The Barista League Brings Baristas, Brewing Methods and Beers Together for a Fun Take on Coffee Competitions
BY MIKE AKINS
SPECIAL TO BARISTA MAGAZINE
No doubt about it ”the title of World Barista Champion is the most impressive one can achieve in the global specialty-coffee industry. But can the WBC champ brew espresso handcuffed to a partner and blindfolded? That’s the kind of thing that goes on at a Barista League competition ”common barista tasks are reimagined in a lighthearted contest more about having fun and building community than trophies and titles.
The Barista League was born out of the necessity for coffee people to get together, exchange ideas, be inspired by one another, and have a good time making coffee. It was dreamed up by Steve Moloney, an Australian barista who now lives in Sweden and slings coffee at Love Coffee Roasters in Lund. œThe idea was to create an event where we could get all these people in the same room together without any stress or hyper competitiveness and just give people an opportunity to meet and inspire each other, says Steve, who is the reigning Barista Champion of Sweden.
The idea is simple, but it’s the kind of simplicity that brings you back to your roots and reaffirms what you already know. The competition reminds you that coffee is not just a job, but a passion. Contestants compete in teams of two in challenges ranging from blindfolded cupping to speed rounds to see how many cappuccinos the pair can make in five minutes.
The rules are loose, the judging is laid back, and there is no cost to enter.
Along with the ongoing competition, Barista League events are meant to encourage people to come together and share stories. What keeps the coffee scene moving forward everywhere is the exchange of ideas, as we all know. While people on the outside may think making coffee is simple, it’s obvious to us coffee slaves that there is nothing sacred; just when you think you know coffee, it changes.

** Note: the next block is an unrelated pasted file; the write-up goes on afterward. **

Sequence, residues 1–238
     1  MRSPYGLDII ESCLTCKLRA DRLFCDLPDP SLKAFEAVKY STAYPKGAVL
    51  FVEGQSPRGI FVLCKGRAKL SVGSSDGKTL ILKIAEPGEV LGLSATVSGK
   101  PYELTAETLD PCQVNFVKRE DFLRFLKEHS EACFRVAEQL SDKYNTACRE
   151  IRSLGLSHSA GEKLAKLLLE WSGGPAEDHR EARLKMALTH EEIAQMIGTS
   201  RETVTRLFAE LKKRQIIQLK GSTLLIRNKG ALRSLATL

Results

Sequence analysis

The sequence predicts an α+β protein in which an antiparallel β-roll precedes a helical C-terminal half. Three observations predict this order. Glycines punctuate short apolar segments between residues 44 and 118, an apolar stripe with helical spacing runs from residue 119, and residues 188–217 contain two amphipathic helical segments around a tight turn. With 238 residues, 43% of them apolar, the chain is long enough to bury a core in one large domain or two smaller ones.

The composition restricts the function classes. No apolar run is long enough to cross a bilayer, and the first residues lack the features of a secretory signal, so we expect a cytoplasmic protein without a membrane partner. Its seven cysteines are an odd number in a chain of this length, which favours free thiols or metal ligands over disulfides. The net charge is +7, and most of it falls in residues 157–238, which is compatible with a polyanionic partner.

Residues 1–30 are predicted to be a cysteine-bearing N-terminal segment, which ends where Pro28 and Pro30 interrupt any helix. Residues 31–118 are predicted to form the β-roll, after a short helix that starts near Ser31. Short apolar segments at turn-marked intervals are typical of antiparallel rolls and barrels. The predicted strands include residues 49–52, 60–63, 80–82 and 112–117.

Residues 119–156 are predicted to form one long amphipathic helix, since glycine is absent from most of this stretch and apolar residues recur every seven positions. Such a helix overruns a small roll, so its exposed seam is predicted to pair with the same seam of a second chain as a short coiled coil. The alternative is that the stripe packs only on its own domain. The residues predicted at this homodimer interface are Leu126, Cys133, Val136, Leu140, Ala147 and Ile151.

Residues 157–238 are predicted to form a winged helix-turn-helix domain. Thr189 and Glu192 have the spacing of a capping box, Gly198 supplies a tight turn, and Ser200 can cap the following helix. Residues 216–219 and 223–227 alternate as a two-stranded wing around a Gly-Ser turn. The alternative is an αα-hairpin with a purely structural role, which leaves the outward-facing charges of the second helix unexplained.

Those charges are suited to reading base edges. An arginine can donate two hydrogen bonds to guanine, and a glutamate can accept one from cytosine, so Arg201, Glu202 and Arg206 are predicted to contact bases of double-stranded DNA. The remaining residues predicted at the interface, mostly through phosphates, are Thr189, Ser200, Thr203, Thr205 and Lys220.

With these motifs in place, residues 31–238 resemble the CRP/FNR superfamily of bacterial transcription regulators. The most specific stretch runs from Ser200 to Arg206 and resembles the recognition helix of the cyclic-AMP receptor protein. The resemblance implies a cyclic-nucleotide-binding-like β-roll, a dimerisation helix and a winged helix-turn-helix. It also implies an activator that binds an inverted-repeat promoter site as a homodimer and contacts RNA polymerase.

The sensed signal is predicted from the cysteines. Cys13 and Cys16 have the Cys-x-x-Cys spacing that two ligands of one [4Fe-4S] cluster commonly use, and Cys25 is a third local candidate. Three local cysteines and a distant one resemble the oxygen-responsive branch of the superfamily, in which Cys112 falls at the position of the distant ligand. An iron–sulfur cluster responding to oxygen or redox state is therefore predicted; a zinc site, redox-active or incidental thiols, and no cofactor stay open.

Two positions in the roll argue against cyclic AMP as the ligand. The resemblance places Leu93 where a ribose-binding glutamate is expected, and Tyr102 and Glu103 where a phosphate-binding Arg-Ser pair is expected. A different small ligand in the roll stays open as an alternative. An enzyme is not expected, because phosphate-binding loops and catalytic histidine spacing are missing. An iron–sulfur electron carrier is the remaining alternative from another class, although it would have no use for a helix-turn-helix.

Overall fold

This wave of inspiration is what Good Life Coffee owner Lauri Pipinen, himself a former Finnish Brewers Cup, Latte Art, and Barista Champion, likes most about competitions in general: œYou see someone do something special or weird, and then you test it yourself and see what it is all about, he says.
New ideas are exactly what Viivi Ahtiainen, SCAE Finland National Coordinator, looks forward to at Barista League. When asked what the Finnish coffee scene needed more of, she simply said, œCourage. Many cafés are afraid to do something new and out of the box.
Along with encouraging experimentation and new brewing styles, the Barista League is unique in that it brings baristas from around the Nordic countries and Europe together. Tomorrow’s event will include teams from Sweden and Germany traveling to Finland to compete in three rounds of barista madness.
This madness is another aspect that Steve really enjoys. œTo be honest, I kind of love the chaos, he says. œIn our last event, we had all the teams come up with a cocktail using either cold brew or batch brew coffee and a small table of mystery liquors and ingredients. Being in a small bar with 30 baristas running about concocting alcoholic coffee beverages was amazing.
There have been four competitions so far, held in MalmÃ¶, Stockholm, Amsterdam, and Brussels. Stay tuned to Barista Magazine’s blog for a full recap of the sure-to-be-wild Helsinki night of coffee.
Visit www.thebaristaleague.com for more information, and photos and coverage of past Barista League events.
ABOUT THE AUTHOR
Mike Akins was born in the United States, but resides in Helsinki, Finland, where he is the head of coffee R&D for Kaffa Roastery. He loves riding bikes and Ethiopian coffees that taste like peaches.